We use cookies to enhance your experience on our website. By continuing to use our website, you are agreeing to our use of cookies. You can change your cookie settings at any time. Find out more
Select Bible Use this Lookup to open a specific Bible and passage. Start here to select a Bible.
Make selected Bible the default for Lookup tool.
Book: Ch.V. Select book from A-Z list, enter chapter and verse number, and click "Go."
:
OR
  • Previous Result
  • Results
  • Look It Up Highlight any word or phrase, then click the button to begin a new search.
  • Highlight On / Off
  • Next Result

The Oxford History of the Biblical World An in-depth chaptered work by leading scholars providing a chronological overview of the history of biblical times.

Interpretive Theories and Models

Especially since the 1960s, as a rich array of new data has become known about precolonial African sociopolitical systems, anthropologists' ethnographically based models have become highly relevant to the question of Israelite monarchic beginnings. Although there are pitfalls in the anthropological discussions of state formation, such as the way ideas about the early state are colored by the familiarity of theorists with precapitalist, occidental (European) nation-states, the heuristic value of models that generalize behaviors and structures across cultures is considerable. These models authenticate the biblical presentation of an emergent monarchy, and they correct the traditional historical-critical tendency to see the monarchy as both a foreign institution and yet one that became uniquely Israelite. The anthropological work that has most influenced assessments of the early monarchy sees an evolutionary development of societies: from simple bands and/or tribes, to chiefdoms, and ultimately to states. In this scheme, Saul's rise to power and David's early reign constitute the chiefdom stage. Thus, the fact that the texts designate both Saul and David with the Hebrew term nāgîd (1 Sam. 9.16; 10.1; 13.14; 25.30; 2 Sam. 5.2; 6.21; 7.8 ), translated “prince” or “ruler,” may characterize each man as a charismatic premonarchic or protomonarchic military leader, that is, as the head of a chiefdom—rather than as a dynastic melek, or “king,” as head of a state.

We may not, however, be entirely justified in associating Saul, and to some extent David, with chiefly office. Part of the problem lies in the difficulty of precisely dating the archaeological evidence for a chiefdom. Similarly, material evidence suggestive of Solomon and a full-fledged state may well originate in Davidic planning. Correlating different terminology—nāgîd and melek—with different kinds of sociopolitical leadership is also problematic, coming as it does from the much reworked Deuteronomic History of 1 and 2 Samuel. Furthermore, the critical aspect in identifying a chiefdom seems to be the number of levels of bureaucratic or administrative organization—in other words, how far the chief is structurally removed from the common folk. No means have yet been discovered to assess those levels in either the archaeological or the textual record. Finally, anthropologists themselves, in critiquing the evolutionary model, suggest that a chiefdom may be an alternative to a state system rather than precursor of it. Hence the question remains open whether we are justified in seeing the first two Israelite kings as chiefs. Fortunately, the answer does not seem to have serious consequences in assessing ancient Israel's path to statehood.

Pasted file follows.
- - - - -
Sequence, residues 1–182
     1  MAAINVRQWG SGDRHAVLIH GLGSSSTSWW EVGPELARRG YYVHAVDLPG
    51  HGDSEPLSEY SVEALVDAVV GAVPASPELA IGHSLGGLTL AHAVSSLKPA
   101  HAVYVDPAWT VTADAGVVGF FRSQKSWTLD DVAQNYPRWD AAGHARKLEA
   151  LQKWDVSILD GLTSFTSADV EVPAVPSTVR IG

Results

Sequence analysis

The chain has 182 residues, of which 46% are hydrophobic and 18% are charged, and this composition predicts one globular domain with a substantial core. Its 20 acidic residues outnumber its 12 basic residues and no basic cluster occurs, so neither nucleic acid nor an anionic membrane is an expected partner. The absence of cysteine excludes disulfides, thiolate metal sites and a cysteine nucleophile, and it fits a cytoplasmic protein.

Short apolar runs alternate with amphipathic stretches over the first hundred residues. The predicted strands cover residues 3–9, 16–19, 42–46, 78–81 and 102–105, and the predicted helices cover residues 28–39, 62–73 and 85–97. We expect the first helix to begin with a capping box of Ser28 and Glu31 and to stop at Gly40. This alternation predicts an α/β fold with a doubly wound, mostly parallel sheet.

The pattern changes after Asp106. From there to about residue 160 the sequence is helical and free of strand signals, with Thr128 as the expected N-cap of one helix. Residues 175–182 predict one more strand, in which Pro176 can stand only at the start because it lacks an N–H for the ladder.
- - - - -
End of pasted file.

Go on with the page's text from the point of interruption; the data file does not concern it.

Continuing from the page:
Perhaps the most important aspect of anthropological discussions of state systems is captured in the second of those two terms, systems. The state emerges as both an adaptive response to changes in a society and its environment and a formalization of those changes. Once formalized, the centralized control of human and economic resources itself creates demands and accommodations. The initial shift to a state structure in effect sets off a chain reaction of other changes that mark the ongoing development of the system.

The systemic nature of the state, or for that matter any political community, poses a problem for the examination of an ancient state, particularly one such as Israel, for which archaeological evidence is an essential source of information. States by nature have more complex, hierarchical organizational structures than do nonstate systems. Yet it is not clear how or where in the transition from pre-state to state the visible correlates of differentiated social, economic, and political groups emerge. For example, the concentration of wealth in the hands of a few may cause the appearance of new and more differentiated sociopolitical structures—or it may result from such forms. Or again, such concentration may be both cause and effect. To take another example, an increase in population can signal a change in sociopolitical structure with a concomitant ability to support more people, or it can reflect a need for adaptive change in order to accommodate a larger community. If archaeological remains of the late Iron I and the Iron IIA periods could be dated with more precision, some of these issues might be resolved.

  • Previous Result
  • Results
  • Look It Up Highlight any word or phrase, then click the button to begin a new search.
  • Highlight On / Off
  • Next Result
Oxford University Press

© 2021. All Rights Reserved. Cookie Policy | Privacy Policy | Legal Notice